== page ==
Afghan warlord General Abdul Rashid Dostum has survived an assassination attempt by a suicide bomber.
Smoke billows after the blast outside the mosque
He was not hurt when the attacker blew himself up outside a mosque in the northern town of Sheberghan where the general had been praying.
About 20 others were wounded. The Taleban said it carried out the attack to avenge the killing of its members.
General Dostum is a controversial figure who ran for president last year and helped oust the Taleban in 2001.
His fighters are accused of leaving hundreds of Taleban fighters to perish inside sealed steel containers after their defeat and capture.
General Dostum still holds Taleban fighters in a private prison at Sheberghan. He is also accused of torture and brutality towards the Pashtun majority when he was a commander in the Soviet-backed Afghan army.
The Taleban said one of its fighters had carried out the attack.
"We have planned attacks against our enemies in Afghanistan. Dostum was involved in the killing of Taleban," a spokesman, Latifullah Hakimi, told Reuters by telephone.
Thursday's early morning bombing came as General Dostum chatted with well-wishers after prayers at the mosque to mark the Muslim festival of Eid.
Eyewitnesses said a man dressed as a beggar ran towards the general.
But a security guard kicked him, and the man fell two or three metres from General Dostum.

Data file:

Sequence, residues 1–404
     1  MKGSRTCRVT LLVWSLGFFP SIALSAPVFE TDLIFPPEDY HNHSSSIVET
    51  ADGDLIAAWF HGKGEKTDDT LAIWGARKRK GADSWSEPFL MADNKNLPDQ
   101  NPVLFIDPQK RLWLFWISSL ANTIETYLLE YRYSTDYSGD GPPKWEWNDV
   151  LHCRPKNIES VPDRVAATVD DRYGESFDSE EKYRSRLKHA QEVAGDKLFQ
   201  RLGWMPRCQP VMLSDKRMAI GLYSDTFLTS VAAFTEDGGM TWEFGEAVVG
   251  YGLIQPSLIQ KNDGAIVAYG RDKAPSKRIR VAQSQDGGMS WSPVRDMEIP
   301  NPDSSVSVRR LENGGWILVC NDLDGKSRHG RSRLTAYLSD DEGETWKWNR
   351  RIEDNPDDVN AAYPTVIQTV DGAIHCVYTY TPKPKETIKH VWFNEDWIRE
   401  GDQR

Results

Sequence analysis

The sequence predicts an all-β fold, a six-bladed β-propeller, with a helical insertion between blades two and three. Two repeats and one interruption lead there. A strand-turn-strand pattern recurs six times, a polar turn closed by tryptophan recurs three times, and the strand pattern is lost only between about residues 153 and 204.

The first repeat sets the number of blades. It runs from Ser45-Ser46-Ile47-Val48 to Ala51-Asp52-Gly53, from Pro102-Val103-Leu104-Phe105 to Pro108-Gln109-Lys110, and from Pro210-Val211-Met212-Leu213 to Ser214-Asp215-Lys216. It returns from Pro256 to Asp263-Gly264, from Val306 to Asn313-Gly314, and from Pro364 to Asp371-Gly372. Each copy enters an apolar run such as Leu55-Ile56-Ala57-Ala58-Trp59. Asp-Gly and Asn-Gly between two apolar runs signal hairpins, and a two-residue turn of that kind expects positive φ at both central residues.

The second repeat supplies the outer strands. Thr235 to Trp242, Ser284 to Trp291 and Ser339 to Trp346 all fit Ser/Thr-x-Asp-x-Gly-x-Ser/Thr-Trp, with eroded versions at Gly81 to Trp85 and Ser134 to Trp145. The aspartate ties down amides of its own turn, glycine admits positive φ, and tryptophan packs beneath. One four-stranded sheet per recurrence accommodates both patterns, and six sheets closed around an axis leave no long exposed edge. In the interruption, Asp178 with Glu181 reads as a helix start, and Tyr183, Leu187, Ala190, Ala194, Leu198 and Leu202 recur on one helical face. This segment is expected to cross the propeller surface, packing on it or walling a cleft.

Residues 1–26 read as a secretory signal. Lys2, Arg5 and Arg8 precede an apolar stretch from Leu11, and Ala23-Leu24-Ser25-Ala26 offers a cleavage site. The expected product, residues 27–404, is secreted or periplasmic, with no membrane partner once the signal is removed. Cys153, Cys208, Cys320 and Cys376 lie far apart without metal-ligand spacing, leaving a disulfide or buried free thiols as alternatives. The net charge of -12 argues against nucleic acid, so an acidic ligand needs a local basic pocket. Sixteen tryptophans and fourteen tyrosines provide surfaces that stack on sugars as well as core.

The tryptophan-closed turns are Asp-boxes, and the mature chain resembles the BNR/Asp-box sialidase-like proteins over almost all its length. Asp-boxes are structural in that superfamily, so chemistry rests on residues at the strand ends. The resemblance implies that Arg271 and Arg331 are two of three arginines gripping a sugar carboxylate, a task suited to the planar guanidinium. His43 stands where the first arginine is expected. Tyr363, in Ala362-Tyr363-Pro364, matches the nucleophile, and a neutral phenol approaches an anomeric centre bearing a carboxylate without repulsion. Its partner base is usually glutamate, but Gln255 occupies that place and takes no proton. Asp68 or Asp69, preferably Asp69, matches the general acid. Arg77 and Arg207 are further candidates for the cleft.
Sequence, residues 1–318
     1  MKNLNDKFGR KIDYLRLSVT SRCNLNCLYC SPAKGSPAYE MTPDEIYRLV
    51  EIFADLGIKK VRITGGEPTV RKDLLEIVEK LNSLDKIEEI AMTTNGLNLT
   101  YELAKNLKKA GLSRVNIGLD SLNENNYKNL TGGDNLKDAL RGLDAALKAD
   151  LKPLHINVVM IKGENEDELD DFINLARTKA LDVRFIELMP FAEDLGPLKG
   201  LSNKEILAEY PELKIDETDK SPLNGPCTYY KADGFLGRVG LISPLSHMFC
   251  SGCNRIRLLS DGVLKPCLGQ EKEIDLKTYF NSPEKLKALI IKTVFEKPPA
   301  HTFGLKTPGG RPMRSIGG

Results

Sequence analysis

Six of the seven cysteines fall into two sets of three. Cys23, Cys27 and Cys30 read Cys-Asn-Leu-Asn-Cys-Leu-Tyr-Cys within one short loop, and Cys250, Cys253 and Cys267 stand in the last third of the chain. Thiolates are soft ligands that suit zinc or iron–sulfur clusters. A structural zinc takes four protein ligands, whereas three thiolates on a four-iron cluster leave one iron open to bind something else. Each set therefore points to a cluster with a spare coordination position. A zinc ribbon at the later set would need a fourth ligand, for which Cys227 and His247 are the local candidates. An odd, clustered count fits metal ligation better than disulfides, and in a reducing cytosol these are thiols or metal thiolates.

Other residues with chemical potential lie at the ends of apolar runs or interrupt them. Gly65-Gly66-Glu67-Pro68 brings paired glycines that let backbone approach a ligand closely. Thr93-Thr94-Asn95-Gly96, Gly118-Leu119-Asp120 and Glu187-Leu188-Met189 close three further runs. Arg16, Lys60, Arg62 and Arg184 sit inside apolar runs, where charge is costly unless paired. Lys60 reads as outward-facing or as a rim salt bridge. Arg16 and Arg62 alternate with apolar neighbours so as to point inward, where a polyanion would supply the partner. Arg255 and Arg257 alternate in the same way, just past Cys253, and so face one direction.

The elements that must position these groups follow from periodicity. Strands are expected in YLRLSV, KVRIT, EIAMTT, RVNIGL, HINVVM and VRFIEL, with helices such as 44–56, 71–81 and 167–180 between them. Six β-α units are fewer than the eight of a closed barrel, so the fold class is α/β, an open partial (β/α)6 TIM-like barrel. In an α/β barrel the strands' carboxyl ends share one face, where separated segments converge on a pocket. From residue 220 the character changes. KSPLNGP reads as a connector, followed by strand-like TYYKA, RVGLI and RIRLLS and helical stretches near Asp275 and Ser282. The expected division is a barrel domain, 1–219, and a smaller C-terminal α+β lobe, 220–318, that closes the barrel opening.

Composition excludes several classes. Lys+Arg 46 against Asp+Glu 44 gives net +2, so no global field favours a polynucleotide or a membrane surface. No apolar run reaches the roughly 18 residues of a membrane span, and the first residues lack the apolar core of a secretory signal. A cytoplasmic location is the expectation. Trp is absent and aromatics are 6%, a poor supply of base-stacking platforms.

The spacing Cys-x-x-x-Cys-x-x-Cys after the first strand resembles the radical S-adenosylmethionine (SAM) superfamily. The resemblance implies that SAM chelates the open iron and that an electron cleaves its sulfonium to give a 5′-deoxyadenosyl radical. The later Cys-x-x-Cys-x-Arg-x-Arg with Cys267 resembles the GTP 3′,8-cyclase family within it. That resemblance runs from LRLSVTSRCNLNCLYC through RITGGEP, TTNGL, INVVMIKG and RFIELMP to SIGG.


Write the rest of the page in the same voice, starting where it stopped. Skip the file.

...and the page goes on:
"When the bodyguards stopped him from getting any closer, he blew himself up," one security guard told the Associated Press.
Bodyguards and bystanders took the force of the explosion. The authorities say six people are critically injured.
Reports say General Dostum's brother received minor injuries.
"The suicide bomber is a Pashtun and had a mobile phone. No-one has been arrested in this connection so far," a policeman at the scene said.
General Dostum has a substantial private army, which is now being disarmed and demobilised.
A veteran of the war against Soviet troops, he was also part of the force which ousted the Taleban under American command in 2001.
Observers say he has displayed an uncanny ability to switch sides and stay on the right side of those in power during his career.
The BBC's Paul Anderson says the Taleban have plenty to hold against the warlord - although it is not clear if they had any role in Thursday's attack.
The ethnic Uzbek commander is also locked in a bitter rivalry with another northern warlord, Atta Mohammad.